12 August, 2008

Wetlands and Waterfalls

The Atherton Tablelands is lucky to have some wonderful wetlands. They are under threat however from sedimentation, draining and the excess use of water, mostly for irrigation. Hasties Swamp used to dry out every second decade or so but now it is almost a yearly event.
Wetlands are tricky things to manage and the removal of stock is not always the best thing. Exotic grasses and other weeds can overgrow the edges making them unsuitable for small birds and fences can lead to the death of wildlife.

Plumed Whistling Ducks and Magpie Geese roost at Hasties Swamp which is located just south of Atherton. As the dry season progresses more birds will move in from the ephemeral ponds in which they breed. In the bottom right of the lower picture is a Jacana. Sometimes known as the "Jesus Bird," they have long toes which enable them to spread their weight over many

floating plants and appear to walk on water.

Millaa Millaa Falls

Millaa Millaa Waterfall is one of the most symmetrical falls and thus is very aesthetically pleasing. At the base of the falls is a plunge pool but it is always too cold for me to swim. In the little stream are a number of fish species including Eel-tailed Catfish. There is a leucistic (tending to white but not albino) fish here which often hides under the overhanging gingers.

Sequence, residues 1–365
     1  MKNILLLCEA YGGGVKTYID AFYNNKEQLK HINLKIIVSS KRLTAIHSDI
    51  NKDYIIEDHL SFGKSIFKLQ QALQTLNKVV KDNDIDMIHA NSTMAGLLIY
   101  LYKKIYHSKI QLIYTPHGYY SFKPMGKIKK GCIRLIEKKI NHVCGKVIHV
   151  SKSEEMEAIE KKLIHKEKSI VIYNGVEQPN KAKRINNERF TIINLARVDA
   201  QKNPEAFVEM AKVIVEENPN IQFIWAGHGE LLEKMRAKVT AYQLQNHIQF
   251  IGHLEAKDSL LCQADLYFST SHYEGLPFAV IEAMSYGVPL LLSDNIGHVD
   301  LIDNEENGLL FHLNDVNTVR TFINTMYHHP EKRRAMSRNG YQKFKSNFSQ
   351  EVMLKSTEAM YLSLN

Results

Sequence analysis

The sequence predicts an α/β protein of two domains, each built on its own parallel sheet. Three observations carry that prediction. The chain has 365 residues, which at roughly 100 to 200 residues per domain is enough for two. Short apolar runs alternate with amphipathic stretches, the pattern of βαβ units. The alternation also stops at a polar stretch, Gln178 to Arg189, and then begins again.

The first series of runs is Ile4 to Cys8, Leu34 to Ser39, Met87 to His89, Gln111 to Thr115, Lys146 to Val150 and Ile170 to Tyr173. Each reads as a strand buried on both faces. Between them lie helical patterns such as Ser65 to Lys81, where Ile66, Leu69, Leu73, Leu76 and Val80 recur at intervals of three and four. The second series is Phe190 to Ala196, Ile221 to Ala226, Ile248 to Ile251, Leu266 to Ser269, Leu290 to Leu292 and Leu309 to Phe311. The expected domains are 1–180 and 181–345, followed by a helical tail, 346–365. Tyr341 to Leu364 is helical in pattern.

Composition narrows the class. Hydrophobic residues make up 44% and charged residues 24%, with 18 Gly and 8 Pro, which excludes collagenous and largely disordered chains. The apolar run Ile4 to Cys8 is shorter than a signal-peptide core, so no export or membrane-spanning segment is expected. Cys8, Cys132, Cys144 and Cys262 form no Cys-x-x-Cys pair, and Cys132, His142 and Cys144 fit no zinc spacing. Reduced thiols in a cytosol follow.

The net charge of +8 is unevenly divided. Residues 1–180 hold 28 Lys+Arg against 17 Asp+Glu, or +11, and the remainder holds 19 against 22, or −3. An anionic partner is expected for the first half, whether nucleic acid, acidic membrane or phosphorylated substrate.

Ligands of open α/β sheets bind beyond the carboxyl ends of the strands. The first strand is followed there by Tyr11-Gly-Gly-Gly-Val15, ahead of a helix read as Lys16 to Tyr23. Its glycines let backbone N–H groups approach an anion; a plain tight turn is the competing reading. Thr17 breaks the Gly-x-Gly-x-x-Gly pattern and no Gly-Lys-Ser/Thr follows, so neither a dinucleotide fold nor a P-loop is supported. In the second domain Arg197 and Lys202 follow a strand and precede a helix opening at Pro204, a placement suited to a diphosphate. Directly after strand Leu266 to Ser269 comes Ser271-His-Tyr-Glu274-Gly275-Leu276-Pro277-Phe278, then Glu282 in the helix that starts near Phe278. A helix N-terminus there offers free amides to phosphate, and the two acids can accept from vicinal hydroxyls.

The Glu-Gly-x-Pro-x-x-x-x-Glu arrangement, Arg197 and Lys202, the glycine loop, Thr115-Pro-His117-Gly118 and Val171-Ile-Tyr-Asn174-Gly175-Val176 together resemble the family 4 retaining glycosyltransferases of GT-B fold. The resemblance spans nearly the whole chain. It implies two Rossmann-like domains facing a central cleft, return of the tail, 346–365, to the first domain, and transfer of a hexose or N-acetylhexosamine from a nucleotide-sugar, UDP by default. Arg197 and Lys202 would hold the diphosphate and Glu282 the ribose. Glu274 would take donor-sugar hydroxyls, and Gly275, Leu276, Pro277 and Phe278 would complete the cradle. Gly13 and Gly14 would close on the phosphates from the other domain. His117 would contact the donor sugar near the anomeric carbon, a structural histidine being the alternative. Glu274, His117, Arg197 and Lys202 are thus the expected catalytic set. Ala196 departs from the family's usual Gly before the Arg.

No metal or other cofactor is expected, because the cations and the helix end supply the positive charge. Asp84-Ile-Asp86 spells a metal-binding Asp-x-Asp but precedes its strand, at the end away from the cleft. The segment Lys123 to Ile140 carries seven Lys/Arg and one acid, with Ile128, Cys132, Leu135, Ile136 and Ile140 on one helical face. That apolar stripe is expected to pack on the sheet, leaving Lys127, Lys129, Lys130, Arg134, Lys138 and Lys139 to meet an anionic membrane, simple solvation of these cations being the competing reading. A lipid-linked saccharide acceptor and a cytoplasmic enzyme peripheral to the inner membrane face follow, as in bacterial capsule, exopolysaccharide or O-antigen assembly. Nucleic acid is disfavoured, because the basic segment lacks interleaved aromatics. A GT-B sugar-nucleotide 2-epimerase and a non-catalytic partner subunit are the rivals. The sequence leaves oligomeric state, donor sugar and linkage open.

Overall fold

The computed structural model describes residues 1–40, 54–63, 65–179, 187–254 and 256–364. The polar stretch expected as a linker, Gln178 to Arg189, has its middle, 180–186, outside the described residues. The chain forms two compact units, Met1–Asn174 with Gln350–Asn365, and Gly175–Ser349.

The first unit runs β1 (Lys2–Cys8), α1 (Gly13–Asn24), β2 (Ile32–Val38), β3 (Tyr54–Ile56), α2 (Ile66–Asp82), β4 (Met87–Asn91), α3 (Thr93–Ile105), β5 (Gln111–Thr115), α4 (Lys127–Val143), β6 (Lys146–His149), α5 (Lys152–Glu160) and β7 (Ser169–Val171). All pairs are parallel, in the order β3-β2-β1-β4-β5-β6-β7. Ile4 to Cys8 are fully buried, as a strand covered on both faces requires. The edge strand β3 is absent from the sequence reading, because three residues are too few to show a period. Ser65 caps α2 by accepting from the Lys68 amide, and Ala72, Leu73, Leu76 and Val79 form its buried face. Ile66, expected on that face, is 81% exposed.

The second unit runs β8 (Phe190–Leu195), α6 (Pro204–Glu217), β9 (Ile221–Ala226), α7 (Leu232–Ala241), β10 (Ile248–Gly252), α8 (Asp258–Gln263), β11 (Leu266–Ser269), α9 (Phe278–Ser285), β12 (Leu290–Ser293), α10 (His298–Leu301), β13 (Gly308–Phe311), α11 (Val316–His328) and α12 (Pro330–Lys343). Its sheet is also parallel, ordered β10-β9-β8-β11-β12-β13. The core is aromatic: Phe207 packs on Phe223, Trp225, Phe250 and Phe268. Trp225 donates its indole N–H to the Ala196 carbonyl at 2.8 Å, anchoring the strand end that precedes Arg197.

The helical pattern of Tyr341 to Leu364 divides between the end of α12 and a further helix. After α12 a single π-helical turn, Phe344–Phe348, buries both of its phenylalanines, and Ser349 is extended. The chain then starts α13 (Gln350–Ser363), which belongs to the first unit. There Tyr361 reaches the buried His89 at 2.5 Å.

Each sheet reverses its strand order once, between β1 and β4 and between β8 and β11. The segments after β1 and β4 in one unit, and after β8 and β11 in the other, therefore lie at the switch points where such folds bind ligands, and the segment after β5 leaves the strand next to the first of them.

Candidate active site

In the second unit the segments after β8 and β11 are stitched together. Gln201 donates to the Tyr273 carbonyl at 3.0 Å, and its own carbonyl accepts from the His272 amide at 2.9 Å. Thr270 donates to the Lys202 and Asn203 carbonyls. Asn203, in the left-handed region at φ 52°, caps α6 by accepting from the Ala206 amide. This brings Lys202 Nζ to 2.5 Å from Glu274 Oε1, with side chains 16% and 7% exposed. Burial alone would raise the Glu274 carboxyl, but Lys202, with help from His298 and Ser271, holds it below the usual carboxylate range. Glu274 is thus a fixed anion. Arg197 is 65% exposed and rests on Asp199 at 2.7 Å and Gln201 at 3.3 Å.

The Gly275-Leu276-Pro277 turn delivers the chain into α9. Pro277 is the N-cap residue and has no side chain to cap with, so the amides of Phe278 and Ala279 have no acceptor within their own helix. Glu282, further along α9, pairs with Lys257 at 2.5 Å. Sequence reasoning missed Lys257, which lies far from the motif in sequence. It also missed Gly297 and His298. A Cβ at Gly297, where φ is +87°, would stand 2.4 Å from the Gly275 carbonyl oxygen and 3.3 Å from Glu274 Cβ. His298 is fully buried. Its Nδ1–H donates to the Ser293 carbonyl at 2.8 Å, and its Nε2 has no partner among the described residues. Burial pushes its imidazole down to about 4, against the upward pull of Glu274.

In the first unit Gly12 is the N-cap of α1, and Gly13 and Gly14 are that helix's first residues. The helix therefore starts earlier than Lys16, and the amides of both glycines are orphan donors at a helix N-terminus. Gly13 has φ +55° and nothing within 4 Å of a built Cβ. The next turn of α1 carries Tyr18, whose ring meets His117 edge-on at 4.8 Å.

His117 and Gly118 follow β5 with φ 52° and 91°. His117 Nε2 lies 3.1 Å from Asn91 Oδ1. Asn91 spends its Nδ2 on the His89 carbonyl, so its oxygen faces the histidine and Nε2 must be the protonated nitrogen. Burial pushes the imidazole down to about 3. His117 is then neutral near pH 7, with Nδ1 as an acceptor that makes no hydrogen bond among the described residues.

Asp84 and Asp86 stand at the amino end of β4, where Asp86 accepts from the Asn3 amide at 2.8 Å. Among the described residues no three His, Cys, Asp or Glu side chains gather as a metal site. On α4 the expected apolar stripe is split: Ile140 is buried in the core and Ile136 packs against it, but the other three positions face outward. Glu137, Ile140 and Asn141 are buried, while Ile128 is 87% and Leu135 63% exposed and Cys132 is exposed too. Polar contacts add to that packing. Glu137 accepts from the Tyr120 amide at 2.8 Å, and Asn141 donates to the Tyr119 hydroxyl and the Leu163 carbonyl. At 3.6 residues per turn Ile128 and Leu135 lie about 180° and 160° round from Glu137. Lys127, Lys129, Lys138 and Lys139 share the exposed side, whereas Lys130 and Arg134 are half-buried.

There are many small farm dams on the Tablelands which contain a variety of wildlife. Always ask permission first before entering paddocks. This is as much for your own protection as being good manners.

Platypus abound in the streams and dams but the best places to see them are in Yungaburra along Petersen Creek and at Tarzalli Lakes Fish Farm. They have a farm tour on which they guarantee you will see Platypus; you can't get better than that! They also have some wonderful smoked goods and fresh produce. Try some of the herb combinations which Dave uses on the fish and chicken.
Chelid turtles withdraw their necks to the side when threatened. Australia has many species and these are the Saw-shelled Chelid, Elseya latisternum.

Six-winged dragonflies? Not really, it is the shadow cast on the rocks. The Blue dragonfly is probably a Blue Skimmer, Orthetrum caledonicum, but it has no yellow on the sides of the thorax. The red one is the aptly named Scarlet Percher, Diplacodes heamatodes. Where you have water and insects there will be swallows. The Welcome Swallow is a migrant is Southern Australia but we have birds all year round. they build their nests out of mud, plant fibres and feathers.

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